GPA as a Reflection of the Student’s Commitment


I find the idea of grading to be important in the STEM fields because it makes the student accountable for the materials that were presented in class. Most of my undergraduate course required the traditional grading scheme where you have to put countless hours into studying in order to achieve the grades that you want. In terms, I do agree with Alfie Kohn that strict grading scheme does hamper creativity and causes the student to find the easiest task to get an “A”. In my undergraduate, I was able to take an “experimental” course in materials science. In this course, we were given options to “choose” the way that we want to earn the “A” in the class. We had options of writing weekly blogs on materials, writing midterm essays, performing research, creating a presentation about material topic and teach the class, etc. In that class I looked for the easiest assignments so that I can get it done quickly and focus on other classes. I remember very little from what I have learned in that class. In comparison, I can relate fundamental thermodynamics theories to the applications that I see every day. I find that the gradeless system may work to inspire creativity and pushes the student to self-explore, but it does not hold students accountable for the course topics. I find that it is “human nature” to take the path of least resistance in whatever they do. Therefore, unless the student develops a passion for that topic, they will only do the minimum amount of work whether it is grade or gradeless.

I disagree with the statement, “Grades don’t prepare children for the “real world…” made by Alfie Kohn. I find the that the GPA is a determination of the student’s perseverance, adaptability, and commitment. I personally have to put ridiculous amount of hours into studying in order to pull the GPA that I want.  That shows my commitment to “excellence” in whatever tasks that I am assigned with. Similarly, I am forced to take so many different classes in undergraduate that I feel the GPA represents my ability to adapt. It measures how well I am able to pick up new ideas and topic regardless of whether they are interesting to me or not. Lastly, I think it tests my perseverance because there are times that I have failed, but I kept on fighting for continuous improvement. Even though, the GPA does not truly measure a student’s intellectual capability or learning achievement, it does measure the commitment that the student has toward his education.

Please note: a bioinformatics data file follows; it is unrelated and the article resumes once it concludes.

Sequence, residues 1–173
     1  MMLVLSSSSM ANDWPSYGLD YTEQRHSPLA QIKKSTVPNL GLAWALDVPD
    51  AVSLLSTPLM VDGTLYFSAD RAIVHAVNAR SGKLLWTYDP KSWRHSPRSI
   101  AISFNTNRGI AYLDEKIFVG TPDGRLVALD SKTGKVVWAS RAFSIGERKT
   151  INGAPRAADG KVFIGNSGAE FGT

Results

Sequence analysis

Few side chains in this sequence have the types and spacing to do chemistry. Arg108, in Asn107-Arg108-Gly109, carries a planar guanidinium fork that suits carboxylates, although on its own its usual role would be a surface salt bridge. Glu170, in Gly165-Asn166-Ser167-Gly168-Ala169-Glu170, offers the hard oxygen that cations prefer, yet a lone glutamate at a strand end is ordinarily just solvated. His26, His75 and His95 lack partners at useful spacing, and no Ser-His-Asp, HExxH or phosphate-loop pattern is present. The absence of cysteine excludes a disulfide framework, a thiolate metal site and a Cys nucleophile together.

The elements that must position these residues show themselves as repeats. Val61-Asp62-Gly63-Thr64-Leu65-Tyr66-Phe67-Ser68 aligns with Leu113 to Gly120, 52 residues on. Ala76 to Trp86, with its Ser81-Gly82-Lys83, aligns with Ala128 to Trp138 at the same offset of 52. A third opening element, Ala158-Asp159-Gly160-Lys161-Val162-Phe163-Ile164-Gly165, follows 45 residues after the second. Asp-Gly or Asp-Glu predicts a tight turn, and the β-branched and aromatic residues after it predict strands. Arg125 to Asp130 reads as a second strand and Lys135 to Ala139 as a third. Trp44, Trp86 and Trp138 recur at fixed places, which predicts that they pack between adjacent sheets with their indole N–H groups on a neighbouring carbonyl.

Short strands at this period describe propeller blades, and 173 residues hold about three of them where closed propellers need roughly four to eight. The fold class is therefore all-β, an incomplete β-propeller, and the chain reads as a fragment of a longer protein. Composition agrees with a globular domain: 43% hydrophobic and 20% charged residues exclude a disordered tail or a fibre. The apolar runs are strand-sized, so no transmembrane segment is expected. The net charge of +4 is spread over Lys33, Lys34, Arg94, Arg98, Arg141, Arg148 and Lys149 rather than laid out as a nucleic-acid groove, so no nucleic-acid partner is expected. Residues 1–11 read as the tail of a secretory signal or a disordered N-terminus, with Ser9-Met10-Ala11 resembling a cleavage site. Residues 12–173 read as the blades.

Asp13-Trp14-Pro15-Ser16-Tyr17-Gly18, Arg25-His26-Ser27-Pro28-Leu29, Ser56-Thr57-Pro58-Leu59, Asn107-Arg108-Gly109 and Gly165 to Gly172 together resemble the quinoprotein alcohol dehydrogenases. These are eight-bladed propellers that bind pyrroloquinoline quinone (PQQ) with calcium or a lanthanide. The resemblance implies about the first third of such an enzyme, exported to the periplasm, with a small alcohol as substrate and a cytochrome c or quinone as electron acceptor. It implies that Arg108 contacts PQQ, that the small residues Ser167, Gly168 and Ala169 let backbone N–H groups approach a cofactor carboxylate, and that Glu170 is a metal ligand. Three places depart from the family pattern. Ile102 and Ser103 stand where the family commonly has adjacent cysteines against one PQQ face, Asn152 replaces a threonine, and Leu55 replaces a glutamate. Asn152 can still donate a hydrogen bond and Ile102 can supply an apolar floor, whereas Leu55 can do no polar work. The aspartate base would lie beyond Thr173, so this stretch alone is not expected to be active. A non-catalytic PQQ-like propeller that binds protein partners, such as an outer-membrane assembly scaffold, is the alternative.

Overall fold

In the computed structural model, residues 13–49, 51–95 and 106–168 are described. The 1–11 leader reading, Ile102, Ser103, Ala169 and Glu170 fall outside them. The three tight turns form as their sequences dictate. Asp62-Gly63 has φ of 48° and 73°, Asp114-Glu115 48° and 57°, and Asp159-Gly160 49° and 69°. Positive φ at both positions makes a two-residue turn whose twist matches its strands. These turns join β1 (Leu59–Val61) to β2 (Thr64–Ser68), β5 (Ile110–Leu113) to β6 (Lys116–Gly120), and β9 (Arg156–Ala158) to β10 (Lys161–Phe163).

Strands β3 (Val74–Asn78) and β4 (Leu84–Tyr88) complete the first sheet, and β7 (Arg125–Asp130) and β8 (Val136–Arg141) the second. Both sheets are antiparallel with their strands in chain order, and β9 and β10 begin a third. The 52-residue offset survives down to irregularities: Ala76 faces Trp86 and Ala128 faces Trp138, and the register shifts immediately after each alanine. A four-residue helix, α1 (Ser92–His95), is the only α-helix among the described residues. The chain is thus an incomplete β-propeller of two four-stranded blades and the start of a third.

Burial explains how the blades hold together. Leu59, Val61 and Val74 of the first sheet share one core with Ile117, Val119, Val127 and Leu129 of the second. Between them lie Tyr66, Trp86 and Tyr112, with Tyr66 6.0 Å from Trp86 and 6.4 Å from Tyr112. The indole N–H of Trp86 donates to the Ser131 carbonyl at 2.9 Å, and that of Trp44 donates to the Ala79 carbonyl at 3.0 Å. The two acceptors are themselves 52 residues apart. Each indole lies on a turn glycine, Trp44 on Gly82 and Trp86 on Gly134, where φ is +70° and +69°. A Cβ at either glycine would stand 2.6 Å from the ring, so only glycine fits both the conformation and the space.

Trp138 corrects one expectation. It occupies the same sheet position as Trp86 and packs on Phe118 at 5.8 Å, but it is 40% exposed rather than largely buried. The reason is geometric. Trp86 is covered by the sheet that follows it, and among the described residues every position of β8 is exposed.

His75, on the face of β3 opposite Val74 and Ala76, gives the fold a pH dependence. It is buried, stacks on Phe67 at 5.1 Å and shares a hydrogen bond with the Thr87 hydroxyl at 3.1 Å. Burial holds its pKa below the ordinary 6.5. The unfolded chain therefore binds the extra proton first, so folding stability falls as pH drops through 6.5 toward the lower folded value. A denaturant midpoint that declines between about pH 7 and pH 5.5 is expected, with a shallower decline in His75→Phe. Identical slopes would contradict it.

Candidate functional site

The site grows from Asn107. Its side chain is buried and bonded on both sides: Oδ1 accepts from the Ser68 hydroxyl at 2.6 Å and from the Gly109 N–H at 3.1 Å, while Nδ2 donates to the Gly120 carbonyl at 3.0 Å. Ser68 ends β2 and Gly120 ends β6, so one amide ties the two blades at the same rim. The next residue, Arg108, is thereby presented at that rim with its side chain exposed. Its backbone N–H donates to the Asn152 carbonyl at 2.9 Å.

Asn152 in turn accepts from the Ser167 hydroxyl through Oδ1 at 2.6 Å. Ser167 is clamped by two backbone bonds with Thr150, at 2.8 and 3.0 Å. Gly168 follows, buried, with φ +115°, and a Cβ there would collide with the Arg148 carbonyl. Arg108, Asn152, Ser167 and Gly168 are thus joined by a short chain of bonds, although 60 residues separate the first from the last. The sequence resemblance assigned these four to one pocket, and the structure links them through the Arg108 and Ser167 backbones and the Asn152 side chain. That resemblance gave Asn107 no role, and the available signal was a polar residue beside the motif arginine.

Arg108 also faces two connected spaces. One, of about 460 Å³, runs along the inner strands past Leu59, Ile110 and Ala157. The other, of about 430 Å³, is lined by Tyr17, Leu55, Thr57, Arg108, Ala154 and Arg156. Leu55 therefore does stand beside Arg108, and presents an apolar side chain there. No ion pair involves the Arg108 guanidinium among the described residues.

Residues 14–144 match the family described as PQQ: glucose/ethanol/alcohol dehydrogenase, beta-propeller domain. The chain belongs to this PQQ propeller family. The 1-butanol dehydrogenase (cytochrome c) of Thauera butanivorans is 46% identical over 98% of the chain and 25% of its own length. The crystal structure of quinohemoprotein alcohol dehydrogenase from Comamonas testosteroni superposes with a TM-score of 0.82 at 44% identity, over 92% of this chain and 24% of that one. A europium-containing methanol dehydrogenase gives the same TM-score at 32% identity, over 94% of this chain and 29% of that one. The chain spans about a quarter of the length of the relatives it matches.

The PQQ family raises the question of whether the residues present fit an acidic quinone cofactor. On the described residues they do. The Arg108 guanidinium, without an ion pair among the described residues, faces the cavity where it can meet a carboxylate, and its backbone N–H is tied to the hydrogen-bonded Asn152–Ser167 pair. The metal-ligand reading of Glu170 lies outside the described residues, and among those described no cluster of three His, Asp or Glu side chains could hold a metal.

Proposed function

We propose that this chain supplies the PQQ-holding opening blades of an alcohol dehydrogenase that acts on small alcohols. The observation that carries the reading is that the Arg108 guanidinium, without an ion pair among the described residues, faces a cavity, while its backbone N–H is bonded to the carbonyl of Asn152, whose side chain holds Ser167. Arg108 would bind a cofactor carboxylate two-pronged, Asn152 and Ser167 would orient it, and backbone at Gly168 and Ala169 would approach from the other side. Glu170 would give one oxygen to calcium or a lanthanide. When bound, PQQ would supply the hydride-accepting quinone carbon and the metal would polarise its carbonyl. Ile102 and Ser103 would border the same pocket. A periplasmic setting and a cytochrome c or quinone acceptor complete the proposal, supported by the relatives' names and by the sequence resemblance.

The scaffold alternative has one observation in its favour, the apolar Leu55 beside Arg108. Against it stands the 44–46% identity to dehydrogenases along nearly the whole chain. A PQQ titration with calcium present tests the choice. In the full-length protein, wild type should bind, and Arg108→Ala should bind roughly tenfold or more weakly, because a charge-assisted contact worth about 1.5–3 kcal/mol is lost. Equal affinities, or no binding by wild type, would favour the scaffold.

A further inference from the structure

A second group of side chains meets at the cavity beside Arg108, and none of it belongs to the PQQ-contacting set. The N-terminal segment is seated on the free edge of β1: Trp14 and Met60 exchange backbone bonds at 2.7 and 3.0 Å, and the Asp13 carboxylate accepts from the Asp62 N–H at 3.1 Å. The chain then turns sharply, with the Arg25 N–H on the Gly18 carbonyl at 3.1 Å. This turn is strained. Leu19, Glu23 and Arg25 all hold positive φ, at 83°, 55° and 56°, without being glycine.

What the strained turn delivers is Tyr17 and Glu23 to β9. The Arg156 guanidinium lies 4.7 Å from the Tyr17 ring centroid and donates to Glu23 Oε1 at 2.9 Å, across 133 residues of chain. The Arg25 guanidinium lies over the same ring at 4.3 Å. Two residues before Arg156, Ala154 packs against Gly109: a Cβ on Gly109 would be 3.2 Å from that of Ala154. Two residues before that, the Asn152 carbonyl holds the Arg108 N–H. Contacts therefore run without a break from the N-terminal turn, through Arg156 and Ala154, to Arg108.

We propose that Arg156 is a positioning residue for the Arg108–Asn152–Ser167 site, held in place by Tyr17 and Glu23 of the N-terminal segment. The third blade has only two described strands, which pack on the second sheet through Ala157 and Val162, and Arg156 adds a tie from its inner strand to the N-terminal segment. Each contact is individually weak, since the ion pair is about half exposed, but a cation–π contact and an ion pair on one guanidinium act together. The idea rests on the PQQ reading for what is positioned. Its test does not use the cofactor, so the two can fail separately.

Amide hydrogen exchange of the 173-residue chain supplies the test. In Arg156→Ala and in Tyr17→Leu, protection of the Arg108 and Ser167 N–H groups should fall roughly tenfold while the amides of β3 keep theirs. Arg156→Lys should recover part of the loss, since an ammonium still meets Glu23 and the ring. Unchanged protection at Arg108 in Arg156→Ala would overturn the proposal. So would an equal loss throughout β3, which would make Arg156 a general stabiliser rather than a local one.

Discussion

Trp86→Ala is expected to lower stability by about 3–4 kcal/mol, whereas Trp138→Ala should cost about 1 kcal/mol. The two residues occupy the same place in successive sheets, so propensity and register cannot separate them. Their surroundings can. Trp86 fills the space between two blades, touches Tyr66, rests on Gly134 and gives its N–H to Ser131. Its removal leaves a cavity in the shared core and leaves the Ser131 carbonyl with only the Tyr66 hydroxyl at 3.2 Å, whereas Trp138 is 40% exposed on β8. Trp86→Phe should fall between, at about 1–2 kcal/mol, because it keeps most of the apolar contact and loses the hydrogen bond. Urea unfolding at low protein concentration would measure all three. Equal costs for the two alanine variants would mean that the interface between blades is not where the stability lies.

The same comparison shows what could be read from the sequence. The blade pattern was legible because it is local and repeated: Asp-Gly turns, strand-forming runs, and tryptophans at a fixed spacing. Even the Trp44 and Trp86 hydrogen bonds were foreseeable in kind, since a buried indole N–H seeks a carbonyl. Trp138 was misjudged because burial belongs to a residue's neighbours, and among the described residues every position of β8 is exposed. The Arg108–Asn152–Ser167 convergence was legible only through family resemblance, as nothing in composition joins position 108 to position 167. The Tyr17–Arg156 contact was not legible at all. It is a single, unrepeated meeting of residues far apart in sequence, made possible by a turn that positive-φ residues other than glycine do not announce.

I do think that the traditional grading system needs a bit of modernization. Again, my experiences disagree with Alfie Kohn article stating that, “Initially Robbins announced that any project or test could be improved and resubmitted for a higher grade.  Unfortunately, that failed to address the underlying problem, and he eventually realized he had to stop grading entirely.”  The classes that I learned the most from are the ones that the teacher allows the students to make revisions on their assessments to get partial credit. The only assessment that the professor did not allow revisions was the final exam. This concept forces me to reevaluate what I have learned. It encourages me to take on harder tasks because if I fail, there is a chance to recover from. It is a great way to “force” the students to reflect upon what they have learned an improve it. If they don’t they will make the same mistakes on the final exam.


2 thoughts on “GPA as a Reflection of the Student’s Commitment

  1. I believe you raise some important points here. GPA is not necessarily a good quality measure for our ability per se, but it does take into account the time, effort and dedication. I can also relate to your example, that given the opportunity of choosing our system of assessment, we would choose the easiest way to get an “A” so that we can focus on other classes where we also need to get an “A”.

    But what if there are no A’s and there are no GPA’s? What would we do then? What if there isn’t this “other thing” we need to focus? Would we become lazy and not study, or would we actually be more focused and try to learn in depth instead of memorizing? I am not sure about the answer.


  2. Thanks for sharing your thoughts with us! While I have benefited from the revise and resubmit model that is common in undergraduate engineering what it always came back to for me was my lack of interest in the material. I didn’t care for it, I wasn’t engaged in it. Part of this had to do with the instruction, part of it had to do with me, but a lot of it had to do with the assessment. I remember taking dynamics exams in rooms with stadium seating wondering, “in what world would I be designing something and not reference a textbook for a calculation if I wasn’t sure I was applying it appropriately?”

    I remember during my study breaks I would pour over the NTSB Crash Reports ( I could get lost in those things for hours.Thinking about what my ultimate goal is as a transportation safety professional I think that both dynamics and my ‘study breaks’ offered value to my education, however, the context in which I engaged in the crash reports was much more enjoyable than my dynamics class. I think now, what if my dynamics class had been more tailored to my interests? What if my exams had not been structured like “exams”? Would my feelings toward the course be different?


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